[0033] First strap portion 204 and second strap portion 206 each comprise a length of strap material 222. Strap material 222 includes a top securing means 224 and a bottom securing means 226. Top securing means 224 and bottom securing means can comprise Velcro®, snaps, latches or other suitable and cooperative fasteners. First strap portion 204 has a first strap length 228 and second strap portion 206 has a second strap length 229. In a preferred embodiment, first strap length 228 and second strap length 229 are equal in length.

[0034] Generally, the weighted training tape 200 is constructed to have an overall weight of between 2-8 ounces. This weight range allows the weighted training tape 200 to be used successfully with all ages of players ranging from children at the beginners level to adults at more competitive, advanced levels. Typically, the overall weight of the weighted training tape 200 is varied by altering the dimensional characteristics of the tape portion 202, i.e., varying the tape length 217, the tape width 221 and the tape thickness 219. The overall weight can also be varied by using alterative materials of construction for the core member 126 such that the material density is altered.

[0035] FIGS. 10 and 11 depict weighted training tape 200 in actual use with a hockey stick 230. Hockey stick 230 is comprised of a shaft 232 and a blade 234. It is anticipated that stick 230 can be comprised of wood, plastic composites, graphite, fiberglass, aluminum or any combination of such materials. It is also anticipated that shaft 232 can comprise a plurality of differing cross-sections including rectangular, rectangular with rounded edges, oval, or any other commonly used shape. Generally, shaft 232 and blade 234 are joined in a transition area 236. While the preferred embodiment is depicted and described with respect to a hockey stick, the present invention is equally applicable for use with other athletic devices, for example, a golf club, a tennis racket, a lacrosse stick or a baseball bat.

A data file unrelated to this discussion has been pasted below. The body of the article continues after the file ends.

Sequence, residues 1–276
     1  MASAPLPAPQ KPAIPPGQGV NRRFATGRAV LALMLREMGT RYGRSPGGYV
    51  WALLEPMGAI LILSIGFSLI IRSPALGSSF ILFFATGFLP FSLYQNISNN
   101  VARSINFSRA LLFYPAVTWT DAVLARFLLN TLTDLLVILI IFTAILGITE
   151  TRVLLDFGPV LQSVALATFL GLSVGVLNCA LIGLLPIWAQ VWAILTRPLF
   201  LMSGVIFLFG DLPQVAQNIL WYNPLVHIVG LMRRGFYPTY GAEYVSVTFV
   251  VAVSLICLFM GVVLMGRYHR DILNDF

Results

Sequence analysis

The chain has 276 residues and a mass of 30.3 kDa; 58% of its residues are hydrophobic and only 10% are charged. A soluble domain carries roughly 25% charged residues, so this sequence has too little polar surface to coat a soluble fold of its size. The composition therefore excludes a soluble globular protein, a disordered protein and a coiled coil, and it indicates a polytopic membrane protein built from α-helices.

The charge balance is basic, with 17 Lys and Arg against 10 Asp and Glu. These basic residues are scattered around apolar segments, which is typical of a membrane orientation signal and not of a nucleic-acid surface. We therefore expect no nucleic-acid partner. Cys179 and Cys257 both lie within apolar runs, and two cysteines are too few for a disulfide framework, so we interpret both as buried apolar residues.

[0036] In general, a player wraps the weighted training tape 200 around the hockey stick 230 in proximity to the transition area 236 as this will reduce any effect on the kickpoint or flex of stick 230. First, the player places first end 208 in proximity to the shaft 232 with the bottom surface 214 facing the shaft 232. The user proceeds to wrap the weighted training tape 200 around the shaft 232, as shown in FIG. 10, such that the tape portion 202 tightly conforms to the shape of the shaft 232. Preferably, weighted training tape 200 is wrapped so that at no point is the tape portion 202 overlapped. By preventing overlap of the tape portion 202 and conforming the tape portion 202 to the shape of the shaft 232, the overall tape/stick cross-section is minimized reducing any potential interference with other players during play or practice. The malleability of core member 126 and the gripping qualities of cover member 128 allow weighted training tape 200 to promote attachment without requiring any overlapping of the tape portion 202.

[0037] Once tape portion 202 is securely wrapped about the shaft 232, the first strap portion 204 is tightly wrapped and overlapped about the shaft 232 such that the top securing means 224 and the bottom securing means 226 are engaged. Next, the second strap portion 206 is tightly wrapped and overlapped about the shaft 232 such that the top securing means 224 and the bottom securing means 226 are engaged. When tightly wrapped and fastened, the first strap portion 204 and the second strap portion 206, in conjunction with the wrapped tape portion 202, retain and hold the weighted training tape 200 in a fixed position relative to the shaft 232 such that the weighted training tape 200 does not become dislodged or loose leading to potential injury or limiting its training effectiveness. It will be obvious to one skilled in the art that tape 200 can be similarly wrapped at any other suitable location on the hockey stick 230, for example on the blade 234. In addition, tape 200 can be wrapped over the top of a layer of friction or non-skid tape to further limit movement of tape 200 relative to the shaft 232 during use.

[0038] While the aforementioned embodiments have been described with reference to the sports of hockey and figure skating, it will be obvious to one skilled in the art that the weighted tapes of the present invention can be similarly applied in other sports requiring unobtrusiveness and versatility of application. Examples of suitable applications include tennis, golf, lacrosse, bandy, field hockey and baseball. In addition, weighted training tapes of the present invention can also be used with almost any skate configuration so as to allow use with inline skates and roller skates. These examples are for illustrative purposes only and are not intended to limit the scope of the present invention.